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Digital Subscriptions > Newsweek International > 20th May 2016 > THE BRAIN’S BLACK SITE


Science shows that torture is useless at eliciting accurate information


IN EARLY 2003, Glenn Carle, an interrogator with the CIA, arrived at a secret detention facility overseas to question a recently captured Al-Qaeda suspect. The jail, whose location remains classified, was cold and dark—so dark Carle could not see his own hands—and music blared loudly all around. Inside the cell, a man lay shivering under a flimsy blanket; Carle called to him, and he looked up slowly, weary and confused. When questioned, the man could manage only a rambling, incoherent reply. “He was a wreck,” Carle says.

The man’s dilapidated state of mind was the result of a systematic program of torture inflicted on terrorism suspects by the CIA after 9/11. Nudity, temperature extremes, sleep and sensory deprivation, dietary manipulation, waterboarding and other “enhanced interrogation techniques” were meant to break down detainees’ resistance to interrogation. The stress and disorientation induced by these methods, it was believed, would force them to cooperate and release whatever precious information they were hiding. But, according to Carle, this theory is wrong. “Information obtained under duress is suspect and polluted from the start and harder to verify,” he says.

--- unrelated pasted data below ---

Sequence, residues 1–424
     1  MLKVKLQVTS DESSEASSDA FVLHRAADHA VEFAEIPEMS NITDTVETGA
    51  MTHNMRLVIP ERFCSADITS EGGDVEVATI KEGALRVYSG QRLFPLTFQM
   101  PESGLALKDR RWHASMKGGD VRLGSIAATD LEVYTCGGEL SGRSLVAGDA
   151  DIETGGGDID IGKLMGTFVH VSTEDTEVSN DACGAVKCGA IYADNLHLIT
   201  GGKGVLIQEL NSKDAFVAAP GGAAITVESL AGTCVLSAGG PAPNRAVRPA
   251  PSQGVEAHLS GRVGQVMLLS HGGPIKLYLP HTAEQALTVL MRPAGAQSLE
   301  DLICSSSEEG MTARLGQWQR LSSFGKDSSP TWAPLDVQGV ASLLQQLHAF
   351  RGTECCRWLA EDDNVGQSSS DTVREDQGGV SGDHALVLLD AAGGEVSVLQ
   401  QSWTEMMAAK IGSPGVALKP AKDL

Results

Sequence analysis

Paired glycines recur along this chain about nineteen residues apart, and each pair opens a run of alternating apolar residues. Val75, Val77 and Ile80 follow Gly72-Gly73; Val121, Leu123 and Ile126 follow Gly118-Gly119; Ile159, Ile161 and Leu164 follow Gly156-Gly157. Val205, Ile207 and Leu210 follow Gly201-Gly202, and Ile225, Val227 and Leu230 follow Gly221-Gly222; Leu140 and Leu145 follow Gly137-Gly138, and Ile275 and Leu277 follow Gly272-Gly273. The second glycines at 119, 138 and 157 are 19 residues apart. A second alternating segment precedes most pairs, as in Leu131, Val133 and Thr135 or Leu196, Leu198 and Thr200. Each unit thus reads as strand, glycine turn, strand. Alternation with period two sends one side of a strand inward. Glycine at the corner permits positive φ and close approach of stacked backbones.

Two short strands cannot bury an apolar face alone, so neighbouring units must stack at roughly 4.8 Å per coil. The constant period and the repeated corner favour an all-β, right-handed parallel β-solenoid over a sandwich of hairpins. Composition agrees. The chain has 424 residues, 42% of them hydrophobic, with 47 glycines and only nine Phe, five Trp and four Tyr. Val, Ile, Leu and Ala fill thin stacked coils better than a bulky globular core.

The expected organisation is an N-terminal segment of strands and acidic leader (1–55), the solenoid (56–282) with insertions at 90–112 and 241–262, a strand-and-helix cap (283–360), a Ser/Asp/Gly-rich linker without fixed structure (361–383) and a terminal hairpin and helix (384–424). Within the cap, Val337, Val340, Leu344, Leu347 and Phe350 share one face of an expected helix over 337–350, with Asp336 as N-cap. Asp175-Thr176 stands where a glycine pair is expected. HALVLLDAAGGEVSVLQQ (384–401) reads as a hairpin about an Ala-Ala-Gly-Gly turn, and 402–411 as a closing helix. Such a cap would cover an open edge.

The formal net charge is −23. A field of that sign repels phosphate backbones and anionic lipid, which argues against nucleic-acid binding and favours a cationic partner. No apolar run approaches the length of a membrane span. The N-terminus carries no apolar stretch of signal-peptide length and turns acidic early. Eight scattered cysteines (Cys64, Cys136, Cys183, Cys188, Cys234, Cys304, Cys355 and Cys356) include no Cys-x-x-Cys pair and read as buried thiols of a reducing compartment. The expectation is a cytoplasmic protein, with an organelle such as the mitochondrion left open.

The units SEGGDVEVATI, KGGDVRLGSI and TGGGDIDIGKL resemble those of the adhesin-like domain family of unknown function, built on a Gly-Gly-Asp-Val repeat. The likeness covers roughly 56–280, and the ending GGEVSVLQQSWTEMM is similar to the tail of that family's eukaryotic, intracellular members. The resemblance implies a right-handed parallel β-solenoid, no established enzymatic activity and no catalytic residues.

His views have been vindicated by the Senate Select Committee on Intelligence, which concluded in the executive summary of its 6,000-page study of the CIA program, released in December 2014, that the agency’s harsh methods failed to glean any intelligence not available through softer tactics. However, the CIA has disputed the Senate’s findings, and Republican presidential candidate Donald Trump has vowed to reinstate torture if elected. Trump has been particularly raucous in his support for brutal interrogation, urging that Salah Abdeslam, apprehended as a suspect in the November 2015 attacks in Paris, be waterboarded.

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